There you are, down on one knee (or perhaps they’ve gone down on one knee), ready to pop the question. A thousand-and-one thoughts flow through your mind as you ask your partner, “Will you marry me?” As the words leave your lips, your brain begins to wonder… what about our banking? Do we need two accounts or one? Will we buy a house with financing, or will we rent? Are we going to have to talk about a prenup?
Breathe deeply and take this engagement journey one day at a time. When you are ready to talk finances with your future spouse, consider the following financial topics.
Paying for the Big Day
The tradition implies that the parents of the happy couple will cover the cost of your wedding. However, you may want to write your own checks to cover the most or all of the expenses. Make sure that you and your partner are on the same page about what you want to value on the big day.
Maybe you want a popcorn machine, and they want a grand piano. Or perhaps you would like to buy your wedding party sandals, and they want to wear an expensive belt under their tuxedo. Whatever the costs, write them down and talk through your lists together. Your wedding day is the first Big Day of the rest of your lives, so you’ll want to start off by compromising where you need to.
A prenuptial agreement (“prenup” for short) is a contract drawn up between two people before getting married. The prenup lists property, assets, and even debts for each person. The agreement, like most legal agreements, specifies each person’s rights to said property after the marriage.
While prenups are often thought of as protecting wealthy parties, even middle-class couples are writing these agreements for their purposes, often in order to:
- Separately provide property to children from prior marriages
- Clarify financial rights during marriage
- Avoid ugly arguments in case of divorce
- Get protection from one another’s debts
A prenup is not required for marriages, but it’s a topic that should be on the table for conversation, even if you agree it’s not right for you.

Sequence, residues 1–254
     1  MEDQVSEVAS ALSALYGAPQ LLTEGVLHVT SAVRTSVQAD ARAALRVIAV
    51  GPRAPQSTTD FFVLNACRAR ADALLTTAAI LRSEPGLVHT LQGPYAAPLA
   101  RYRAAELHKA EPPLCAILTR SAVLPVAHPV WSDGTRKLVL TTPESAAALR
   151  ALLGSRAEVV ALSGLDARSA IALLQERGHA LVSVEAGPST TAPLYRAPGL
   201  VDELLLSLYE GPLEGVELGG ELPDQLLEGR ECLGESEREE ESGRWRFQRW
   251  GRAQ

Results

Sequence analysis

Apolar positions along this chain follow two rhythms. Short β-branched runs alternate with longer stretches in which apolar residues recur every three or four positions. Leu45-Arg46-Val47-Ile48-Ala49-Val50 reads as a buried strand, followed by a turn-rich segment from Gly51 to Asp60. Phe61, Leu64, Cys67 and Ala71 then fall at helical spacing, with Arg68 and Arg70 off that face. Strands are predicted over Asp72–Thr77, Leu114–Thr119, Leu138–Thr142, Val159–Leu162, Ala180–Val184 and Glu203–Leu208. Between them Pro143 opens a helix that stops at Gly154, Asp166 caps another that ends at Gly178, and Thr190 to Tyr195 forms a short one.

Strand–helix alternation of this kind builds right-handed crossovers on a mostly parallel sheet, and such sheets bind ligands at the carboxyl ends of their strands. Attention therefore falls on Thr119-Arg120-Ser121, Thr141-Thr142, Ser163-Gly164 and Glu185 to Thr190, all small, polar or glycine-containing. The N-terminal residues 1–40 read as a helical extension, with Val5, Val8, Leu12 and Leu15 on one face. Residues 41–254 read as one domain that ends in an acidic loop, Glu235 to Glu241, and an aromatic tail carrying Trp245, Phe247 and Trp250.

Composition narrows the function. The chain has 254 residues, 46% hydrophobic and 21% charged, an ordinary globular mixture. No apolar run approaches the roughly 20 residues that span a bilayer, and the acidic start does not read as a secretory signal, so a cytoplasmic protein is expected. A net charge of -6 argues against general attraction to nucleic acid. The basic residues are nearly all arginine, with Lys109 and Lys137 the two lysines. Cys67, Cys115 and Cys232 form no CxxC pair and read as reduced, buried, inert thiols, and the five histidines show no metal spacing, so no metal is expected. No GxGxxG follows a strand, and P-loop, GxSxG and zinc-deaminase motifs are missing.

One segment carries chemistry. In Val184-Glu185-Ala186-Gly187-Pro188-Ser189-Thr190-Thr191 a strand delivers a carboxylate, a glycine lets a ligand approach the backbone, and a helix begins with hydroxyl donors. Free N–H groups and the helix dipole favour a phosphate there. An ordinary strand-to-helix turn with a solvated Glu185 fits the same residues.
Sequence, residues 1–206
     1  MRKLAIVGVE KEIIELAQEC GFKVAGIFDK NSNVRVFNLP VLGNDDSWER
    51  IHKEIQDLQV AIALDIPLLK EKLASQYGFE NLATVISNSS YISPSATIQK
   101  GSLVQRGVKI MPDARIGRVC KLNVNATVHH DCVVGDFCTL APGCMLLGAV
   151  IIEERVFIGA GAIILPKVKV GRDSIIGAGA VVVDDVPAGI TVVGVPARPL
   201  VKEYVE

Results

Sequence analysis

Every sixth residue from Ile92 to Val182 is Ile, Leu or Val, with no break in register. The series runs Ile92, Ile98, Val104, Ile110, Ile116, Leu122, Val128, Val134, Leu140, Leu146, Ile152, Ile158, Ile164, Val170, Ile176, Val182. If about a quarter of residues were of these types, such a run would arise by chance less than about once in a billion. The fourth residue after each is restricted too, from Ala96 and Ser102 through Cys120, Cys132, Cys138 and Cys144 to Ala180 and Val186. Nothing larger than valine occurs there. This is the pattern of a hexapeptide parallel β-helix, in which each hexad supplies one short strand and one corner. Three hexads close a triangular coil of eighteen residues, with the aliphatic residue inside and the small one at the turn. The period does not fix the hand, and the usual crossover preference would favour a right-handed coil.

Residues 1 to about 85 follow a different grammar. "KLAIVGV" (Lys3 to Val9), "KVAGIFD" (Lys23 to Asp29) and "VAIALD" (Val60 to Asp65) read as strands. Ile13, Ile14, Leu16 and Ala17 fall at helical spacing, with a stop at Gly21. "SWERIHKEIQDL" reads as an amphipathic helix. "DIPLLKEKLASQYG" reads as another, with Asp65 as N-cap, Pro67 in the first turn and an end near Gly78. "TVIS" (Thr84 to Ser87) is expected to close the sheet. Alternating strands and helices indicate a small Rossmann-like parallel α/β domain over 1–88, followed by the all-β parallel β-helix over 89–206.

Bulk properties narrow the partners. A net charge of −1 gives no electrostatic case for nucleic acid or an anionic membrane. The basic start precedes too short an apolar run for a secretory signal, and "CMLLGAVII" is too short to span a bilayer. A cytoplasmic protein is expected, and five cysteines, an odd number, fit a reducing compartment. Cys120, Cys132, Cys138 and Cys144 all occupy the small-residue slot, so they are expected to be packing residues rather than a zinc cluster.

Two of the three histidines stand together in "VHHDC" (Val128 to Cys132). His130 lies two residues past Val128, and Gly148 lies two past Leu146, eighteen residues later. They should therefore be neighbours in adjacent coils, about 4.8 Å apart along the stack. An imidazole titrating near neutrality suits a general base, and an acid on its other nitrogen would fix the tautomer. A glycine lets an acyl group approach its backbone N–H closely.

If you decide to combine finances, talk to your bank about a joint account that you and your partner can share. It can be the only one you have or a second, shared account for paying the bills and common expenses. If you choose to share a second account, you’ll like the privacy of your first account for surprise gifts, special occasions, and to keep a bit of independence during life’s journey together.
Owning a Home
Finding a place to call your home, together, requires heavy discussion and compromise. Get the conversation started long before you marry. One or both of you may have to refocus savings habits or even relocate for work. Take an honest look at your accounts and discuss your priorities.
Health & Life Insurance
Do you both have great health and life insurance coverage, or is one of you getting significantly better premiums at their job? Perhaps, if a child is in the near future for you, you want to hop on the same plan to keep all of your health concerns in one place. Knowing each other’s life insurance policies, and having the difficult conversations to plan for the future, can get a lot on the table from the start, so you don’t have to worry about it later.
You don’t need to wait until the knot is tied to start having insurance coverage conversations. Discuss your options with your Farm Bureau Insurance agent today. Get started by finding an agent near you with our Agent Finder.